The Sochi Winter Games are well under way, and Mr Putin’s appearance as a bare-chested moral crusader wearing his underpants over his lycra ski-pants has backfired on him to a greater extent than anyone could have ever imagined. President Obama was far from being alone in declining his invitation to the party, and even President Hollande waived the opportunity to try on one of those gay, rainbow-coloured track suit tops.
The world is now scrutinizing the Sochi games, and Internet is full of fun yet lucid messages such as this one from the Canadian Institute for Diversity and Inclusion:
Some athletes sported rainbow-coloured accessories for the opening ceremony, and Google adopted the same colours for their home page, quoting the values of the Olympic Charter below it: “The practice of sport is a human right. Every individual must have the possibility of practicing sport, without discrimination of any kind and in the Olympic spirit, which requires mutual understanding with a spirit of friendship, solidarity and fair play.”
Values that Mr Putin immediately transgressed with a cool “welcome” to any gay visitors, requesting them to “leave the children in peace” during their visit, and refrain from “homosexual and pedophile propaganda”.
When inviting high-profile international athletes to your winter sporting event, telling them not to touch your kids probably isn’t the best ice-breaker to kick off your party. I have serious doubts that any athletes came to the Winter Games with the plan of converting Russia’s youth to anything at all – be it brussels sprouts or homosexuality – after years of intensive training for a unique opportunity to prove their sporting skills. However, by conflating homosexuals and pedophiles, Mr Putin has shown his true colours: 50 shades of darkness.
It’s not the first or the last time that a politician has used stories about the bogeyman to gain the support of the population. Your desire to “protect” Russia’s children from the big bad wolf of permissive society may be touching for some, but there are a few things that you seem to have forgotten in your haste to prove to the rest of the world what a good moral guardian you are. These have a much more direct impact on Russian children than foreign athletes who you believe could simultaneously promote their sexuality and ski down the Sochi slopes.
So instead of scaring your kids with gay monster stories, I’d suggest sorting out a few other more pressing issues that have been pointed out by UNICEF and the world Health Organisation, among others.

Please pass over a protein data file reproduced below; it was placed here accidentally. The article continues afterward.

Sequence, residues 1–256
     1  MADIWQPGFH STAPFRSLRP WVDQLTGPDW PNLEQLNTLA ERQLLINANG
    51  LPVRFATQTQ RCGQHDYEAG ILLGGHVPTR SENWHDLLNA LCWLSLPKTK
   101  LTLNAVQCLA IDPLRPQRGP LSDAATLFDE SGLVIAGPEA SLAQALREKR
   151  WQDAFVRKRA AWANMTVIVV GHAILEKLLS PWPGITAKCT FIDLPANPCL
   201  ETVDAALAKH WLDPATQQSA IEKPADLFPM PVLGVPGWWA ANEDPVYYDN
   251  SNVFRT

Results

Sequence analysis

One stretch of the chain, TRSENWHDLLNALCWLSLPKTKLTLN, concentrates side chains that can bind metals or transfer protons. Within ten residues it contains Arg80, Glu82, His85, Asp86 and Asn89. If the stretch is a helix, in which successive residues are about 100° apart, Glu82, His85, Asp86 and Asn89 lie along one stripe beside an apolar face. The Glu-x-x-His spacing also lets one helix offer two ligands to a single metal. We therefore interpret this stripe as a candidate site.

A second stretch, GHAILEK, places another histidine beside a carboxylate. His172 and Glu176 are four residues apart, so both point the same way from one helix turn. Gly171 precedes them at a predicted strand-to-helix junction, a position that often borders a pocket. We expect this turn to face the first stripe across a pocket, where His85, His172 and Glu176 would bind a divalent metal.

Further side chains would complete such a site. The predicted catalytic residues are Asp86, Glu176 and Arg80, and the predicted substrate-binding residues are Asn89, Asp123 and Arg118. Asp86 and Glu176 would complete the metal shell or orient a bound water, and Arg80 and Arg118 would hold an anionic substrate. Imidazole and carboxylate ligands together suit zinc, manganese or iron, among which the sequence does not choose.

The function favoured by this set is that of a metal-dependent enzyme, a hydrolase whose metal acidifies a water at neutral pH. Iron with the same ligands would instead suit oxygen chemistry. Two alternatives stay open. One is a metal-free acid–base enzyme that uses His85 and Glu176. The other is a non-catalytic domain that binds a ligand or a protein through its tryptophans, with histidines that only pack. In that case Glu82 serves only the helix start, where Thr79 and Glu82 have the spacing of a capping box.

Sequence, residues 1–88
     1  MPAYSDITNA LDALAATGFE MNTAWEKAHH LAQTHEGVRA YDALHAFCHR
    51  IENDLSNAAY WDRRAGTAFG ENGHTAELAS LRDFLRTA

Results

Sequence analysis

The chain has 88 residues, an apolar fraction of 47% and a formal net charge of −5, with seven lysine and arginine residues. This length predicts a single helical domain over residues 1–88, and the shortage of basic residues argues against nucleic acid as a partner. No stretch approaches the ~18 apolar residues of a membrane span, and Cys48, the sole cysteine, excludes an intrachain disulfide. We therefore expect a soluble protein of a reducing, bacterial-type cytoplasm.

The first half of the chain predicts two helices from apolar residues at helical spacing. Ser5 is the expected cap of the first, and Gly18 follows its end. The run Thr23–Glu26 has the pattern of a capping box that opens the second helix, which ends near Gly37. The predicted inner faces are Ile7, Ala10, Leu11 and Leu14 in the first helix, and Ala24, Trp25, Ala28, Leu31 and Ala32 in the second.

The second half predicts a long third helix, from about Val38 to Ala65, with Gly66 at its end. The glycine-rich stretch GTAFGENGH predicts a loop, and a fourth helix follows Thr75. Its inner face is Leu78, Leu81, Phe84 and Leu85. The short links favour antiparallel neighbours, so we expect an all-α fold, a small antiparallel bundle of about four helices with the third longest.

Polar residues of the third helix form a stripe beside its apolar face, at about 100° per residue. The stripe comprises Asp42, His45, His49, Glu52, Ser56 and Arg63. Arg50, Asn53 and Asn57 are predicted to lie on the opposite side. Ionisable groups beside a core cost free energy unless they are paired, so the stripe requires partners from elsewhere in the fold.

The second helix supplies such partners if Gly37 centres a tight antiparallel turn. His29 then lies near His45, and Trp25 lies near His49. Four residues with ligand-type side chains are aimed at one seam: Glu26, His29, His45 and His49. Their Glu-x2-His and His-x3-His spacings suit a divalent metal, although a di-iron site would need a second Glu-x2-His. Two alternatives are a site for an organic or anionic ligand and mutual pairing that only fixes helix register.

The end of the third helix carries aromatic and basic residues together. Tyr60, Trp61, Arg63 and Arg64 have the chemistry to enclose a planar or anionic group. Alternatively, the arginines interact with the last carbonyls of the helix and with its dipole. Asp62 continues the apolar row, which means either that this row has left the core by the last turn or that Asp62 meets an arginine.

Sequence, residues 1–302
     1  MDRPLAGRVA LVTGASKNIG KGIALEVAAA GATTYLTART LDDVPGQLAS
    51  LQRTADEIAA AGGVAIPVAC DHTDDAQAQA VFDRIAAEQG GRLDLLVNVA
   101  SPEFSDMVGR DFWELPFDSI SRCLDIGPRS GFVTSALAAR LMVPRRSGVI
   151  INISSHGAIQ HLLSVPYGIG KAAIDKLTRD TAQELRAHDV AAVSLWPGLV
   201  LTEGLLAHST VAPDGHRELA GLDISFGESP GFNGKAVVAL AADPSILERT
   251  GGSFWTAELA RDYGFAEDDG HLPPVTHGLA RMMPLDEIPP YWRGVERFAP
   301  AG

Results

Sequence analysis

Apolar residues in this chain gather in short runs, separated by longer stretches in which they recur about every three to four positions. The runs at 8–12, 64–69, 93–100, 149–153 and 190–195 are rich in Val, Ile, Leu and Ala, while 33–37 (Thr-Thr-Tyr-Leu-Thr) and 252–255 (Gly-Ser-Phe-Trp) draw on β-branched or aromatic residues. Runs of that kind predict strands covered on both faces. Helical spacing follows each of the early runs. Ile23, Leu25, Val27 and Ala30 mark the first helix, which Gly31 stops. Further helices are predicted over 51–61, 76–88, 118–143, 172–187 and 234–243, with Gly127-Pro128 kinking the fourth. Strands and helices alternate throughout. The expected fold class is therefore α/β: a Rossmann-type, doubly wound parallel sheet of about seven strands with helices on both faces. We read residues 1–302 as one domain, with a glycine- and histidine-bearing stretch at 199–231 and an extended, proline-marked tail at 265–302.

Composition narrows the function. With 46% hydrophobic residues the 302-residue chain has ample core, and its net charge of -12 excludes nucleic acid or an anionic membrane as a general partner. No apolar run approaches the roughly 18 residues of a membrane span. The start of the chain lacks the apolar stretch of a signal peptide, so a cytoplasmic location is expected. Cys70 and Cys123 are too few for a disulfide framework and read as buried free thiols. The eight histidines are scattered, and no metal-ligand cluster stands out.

Like child pornography and prostitution. Whilst you are barking up the wrong tree, children in Russia (and particularly migrant populations) are being exploited in organised prostitution. Whilst you point an accusing finger at your visitors, you forget that you have no current legislation condemning the simple possession of child pornography in your own country.
Then there’s the human trafficking and child labour. In the child labour rankings, Russia sadly boasts the 69th place in a list of 197 countries exploiting children, and is considered to pose an “extreme risk” alongside China. According to the Maplecroft child labour index 2014, Russia is “lagging” in the battle against child labour and trafficking. The report describes the increasing presence of children working in shops, on construction sites and in agriculture, where they use dangerous machinery and harmful pesticides.
Russia’s rates of infant, child and maternal mortality are among the highest in Eastern Europe, and the country has the highest incidence of AIDS after mainland Africa. HIV transmission is mainly fuelled by the heterosexual community, meaning that more and more children are being born to HIV–infected mothers.
Living conditions and education could do with some investment, too – Unicef describe a “dramatic increase in the number of children living on the streets or in institutions”, and deplore declining investments in national education, lowering school enrollment rates and preschool availability, falling school completion rates, and less opportunities for poor children in rural areas to access education.
Last but not least, over 650,000 Russian children are registered orphans, yet an estimated 66-95% of all of these children are considered social orphans, meaning that one or more of their birth parents are still alive. If the State believes there is a problem, they simply take custody of the child. Many of those with serious handicaps spend their childhood in orphanages, then get put into adult asylums. New laws are in the pipeline to remove children from their gay parents, irrelevant of whether they are well-cared for or not, potentially sending more children into orphanages when they have absolutely no need to be there.
Will the real big bad wolf please stand up?
“There is no monopoly in common sense
On either side of the political fence.
We share the same biology,
Regardless of ideology.
Believe me when I say to you
I hope the Russians love their children too.”